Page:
In chemistry, activation energy is a term introduced in 1889 by the Swedish scientist Svante Arrhenius, that is defined as the energy that must be overcome in order for a chemical reaction to occur.
In this article, I propose that:
After proposing that, I'd like to explore:
Every action a person takes has an activation cost. The activation cost of a consistent, deeply embedded habit is zero. It happens almost automatically. The activation cost for most people in the United States to exercising is fairly high, and most people are inconsistent about exercising. However, there are people who - every single day - begin by putting their running shoes on and running. Their activation cost to running is effectively zero.
These costs vary from person to person. In the daily running example above, the activation cost to the runner is low. The runner simply starts running in the morning. For most people, it's higher for a variety of reasons we'll get to in a moment. The running example is fairly obvious, but you'll also see phenomenon like a neat person saying to a sloppy one, "Why don't you clean your desk? ... just f'ing do it, man." Assuming the messy person indeed wants to have a clean desk, then it's likely the messy person has a higher activation cost to cleaning his desk. (He could also have less energy/willpower)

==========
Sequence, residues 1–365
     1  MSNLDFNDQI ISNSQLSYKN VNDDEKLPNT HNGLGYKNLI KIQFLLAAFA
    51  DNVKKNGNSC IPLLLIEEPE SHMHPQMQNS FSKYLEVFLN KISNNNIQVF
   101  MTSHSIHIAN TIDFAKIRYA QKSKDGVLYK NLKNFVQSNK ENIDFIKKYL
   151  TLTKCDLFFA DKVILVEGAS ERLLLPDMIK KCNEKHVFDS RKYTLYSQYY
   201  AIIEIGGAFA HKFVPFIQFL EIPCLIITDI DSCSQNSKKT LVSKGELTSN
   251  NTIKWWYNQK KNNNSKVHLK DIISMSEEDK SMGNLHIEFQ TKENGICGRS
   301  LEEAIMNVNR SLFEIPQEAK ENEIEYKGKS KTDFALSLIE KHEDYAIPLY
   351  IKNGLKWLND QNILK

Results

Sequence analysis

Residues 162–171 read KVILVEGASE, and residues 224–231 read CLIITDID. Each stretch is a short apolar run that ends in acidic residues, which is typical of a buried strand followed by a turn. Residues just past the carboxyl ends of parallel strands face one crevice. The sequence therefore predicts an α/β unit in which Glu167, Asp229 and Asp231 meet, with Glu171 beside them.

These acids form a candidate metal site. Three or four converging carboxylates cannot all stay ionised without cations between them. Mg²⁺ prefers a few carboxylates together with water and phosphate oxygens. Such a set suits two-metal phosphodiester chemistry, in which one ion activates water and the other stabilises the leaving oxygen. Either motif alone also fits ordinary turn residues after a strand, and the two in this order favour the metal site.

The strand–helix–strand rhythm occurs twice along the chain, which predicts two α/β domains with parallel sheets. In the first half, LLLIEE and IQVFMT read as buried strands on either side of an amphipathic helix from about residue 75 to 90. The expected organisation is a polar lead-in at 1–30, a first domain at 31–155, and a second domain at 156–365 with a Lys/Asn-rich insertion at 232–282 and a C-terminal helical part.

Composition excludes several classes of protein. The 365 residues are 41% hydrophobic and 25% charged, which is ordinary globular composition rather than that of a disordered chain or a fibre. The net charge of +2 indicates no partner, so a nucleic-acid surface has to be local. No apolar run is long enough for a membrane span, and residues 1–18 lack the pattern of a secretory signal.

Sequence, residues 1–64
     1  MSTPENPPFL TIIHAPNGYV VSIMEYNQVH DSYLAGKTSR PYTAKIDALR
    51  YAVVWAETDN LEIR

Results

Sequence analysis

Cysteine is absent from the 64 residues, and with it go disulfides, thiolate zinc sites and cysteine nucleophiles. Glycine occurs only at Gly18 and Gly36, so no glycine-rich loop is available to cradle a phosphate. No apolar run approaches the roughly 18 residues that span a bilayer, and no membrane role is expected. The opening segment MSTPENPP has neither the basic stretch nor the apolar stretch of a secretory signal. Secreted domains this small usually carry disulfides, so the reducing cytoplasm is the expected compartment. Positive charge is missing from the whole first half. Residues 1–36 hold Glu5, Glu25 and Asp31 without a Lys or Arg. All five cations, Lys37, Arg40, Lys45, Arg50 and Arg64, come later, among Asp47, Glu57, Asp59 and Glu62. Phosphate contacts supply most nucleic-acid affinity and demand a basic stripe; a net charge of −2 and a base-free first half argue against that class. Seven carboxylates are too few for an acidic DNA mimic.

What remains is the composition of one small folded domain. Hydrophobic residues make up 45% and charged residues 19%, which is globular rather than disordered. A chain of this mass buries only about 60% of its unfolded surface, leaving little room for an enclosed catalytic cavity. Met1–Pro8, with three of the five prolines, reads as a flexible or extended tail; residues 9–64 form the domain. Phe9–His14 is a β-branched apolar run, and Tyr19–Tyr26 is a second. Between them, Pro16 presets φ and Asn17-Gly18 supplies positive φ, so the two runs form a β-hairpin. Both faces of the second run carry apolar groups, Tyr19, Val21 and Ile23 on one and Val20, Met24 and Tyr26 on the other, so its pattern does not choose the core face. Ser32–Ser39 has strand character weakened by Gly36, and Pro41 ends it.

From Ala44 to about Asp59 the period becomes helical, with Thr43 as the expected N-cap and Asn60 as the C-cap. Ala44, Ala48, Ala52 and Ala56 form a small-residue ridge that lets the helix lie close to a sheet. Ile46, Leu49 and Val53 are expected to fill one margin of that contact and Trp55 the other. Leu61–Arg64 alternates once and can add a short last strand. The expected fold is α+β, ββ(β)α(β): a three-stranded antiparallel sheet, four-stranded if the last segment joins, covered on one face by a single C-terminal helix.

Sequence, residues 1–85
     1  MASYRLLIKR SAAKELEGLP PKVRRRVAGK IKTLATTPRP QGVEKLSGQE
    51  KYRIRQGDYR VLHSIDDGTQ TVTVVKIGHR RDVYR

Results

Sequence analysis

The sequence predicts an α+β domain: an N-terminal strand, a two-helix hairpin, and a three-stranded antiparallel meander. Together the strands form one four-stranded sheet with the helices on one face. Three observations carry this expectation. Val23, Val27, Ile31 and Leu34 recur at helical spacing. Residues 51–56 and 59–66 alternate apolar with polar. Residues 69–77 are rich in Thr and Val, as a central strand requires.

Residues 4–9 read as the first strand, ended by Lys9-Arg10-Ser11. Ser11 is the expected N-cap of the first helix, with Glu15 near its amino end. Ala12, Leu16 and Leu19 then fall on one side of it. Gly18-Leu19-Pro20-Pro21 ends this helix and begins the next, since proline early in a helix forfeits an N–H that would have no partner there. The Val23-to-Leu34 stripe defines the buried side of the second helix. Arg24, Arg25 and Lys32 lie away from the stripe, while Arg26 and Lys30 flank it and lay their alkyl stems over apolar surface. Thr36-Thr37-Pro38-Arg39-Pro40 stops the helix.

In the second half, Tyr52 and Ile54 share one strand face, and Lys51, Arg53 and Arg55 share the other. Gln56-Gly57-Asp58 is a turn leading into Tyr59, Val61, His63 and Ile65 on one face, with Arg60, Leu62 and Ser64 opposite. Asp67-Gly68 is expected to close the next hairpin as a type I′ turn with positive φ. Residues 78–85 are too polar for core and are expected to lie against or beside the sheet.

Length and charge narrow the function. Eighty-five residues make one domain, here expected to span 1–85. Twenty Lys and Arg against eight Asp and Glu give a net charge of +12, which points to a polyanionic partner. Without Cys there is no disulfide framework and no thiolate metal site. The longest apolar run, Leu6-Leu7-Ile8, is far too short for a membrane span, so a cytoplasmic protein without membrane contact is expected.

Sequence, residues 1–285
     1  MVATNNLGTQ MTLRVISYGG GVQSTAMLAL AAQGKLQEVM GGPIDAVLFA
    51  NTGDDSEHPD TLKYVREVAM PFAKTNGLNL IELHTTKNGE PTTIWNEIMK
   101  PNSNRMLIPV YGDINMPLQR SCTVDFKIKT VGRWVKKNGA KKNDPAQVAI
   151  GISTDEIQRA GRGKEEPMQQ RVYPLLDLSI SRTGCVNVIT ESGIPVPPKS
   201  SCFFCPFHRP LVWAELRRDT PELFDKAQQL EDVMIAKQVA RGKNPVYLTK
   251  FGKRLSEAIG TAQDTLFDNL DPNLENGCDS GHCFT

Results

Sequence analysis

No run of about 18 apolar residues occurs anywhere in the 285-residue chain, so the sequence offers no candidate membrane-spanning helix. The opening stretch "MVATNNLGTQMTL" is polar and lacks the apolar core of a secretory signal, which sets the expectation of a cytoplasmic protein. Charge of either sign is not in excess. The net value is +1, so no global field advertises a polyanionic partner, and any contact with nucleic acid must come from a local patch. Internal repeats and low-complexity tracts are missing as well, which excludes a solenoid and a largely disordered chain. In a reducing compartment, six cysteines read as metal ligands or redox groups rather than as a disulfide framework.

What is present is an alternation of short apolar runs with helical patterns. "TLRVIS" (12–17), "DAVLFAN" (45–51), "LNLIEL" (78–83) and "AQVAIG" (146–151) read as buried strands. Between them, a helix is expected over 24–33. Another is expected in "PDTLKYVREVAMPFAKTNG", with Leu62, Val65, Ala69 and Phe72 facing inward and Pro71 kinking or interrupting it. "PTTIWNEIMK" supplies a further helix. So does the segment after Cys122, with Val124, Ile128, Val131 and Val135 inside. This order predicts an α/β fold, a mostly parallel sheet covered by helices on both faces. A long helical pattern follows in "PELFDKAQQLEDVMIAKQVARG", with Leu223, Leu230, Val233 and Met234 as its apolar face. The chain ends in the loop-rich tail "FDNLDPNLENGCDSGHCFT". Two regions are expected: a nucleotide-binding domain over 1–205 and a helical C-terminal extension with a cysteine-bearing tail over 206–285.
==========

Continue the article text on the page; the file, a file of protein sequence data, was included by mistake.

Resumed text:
These costs can change over time. If the every-morning-runner suffers from a prolonged illness or injury and ceases to run, restarting the program might have a much higher activation cost for a variety of reasons we'll cover in a moment.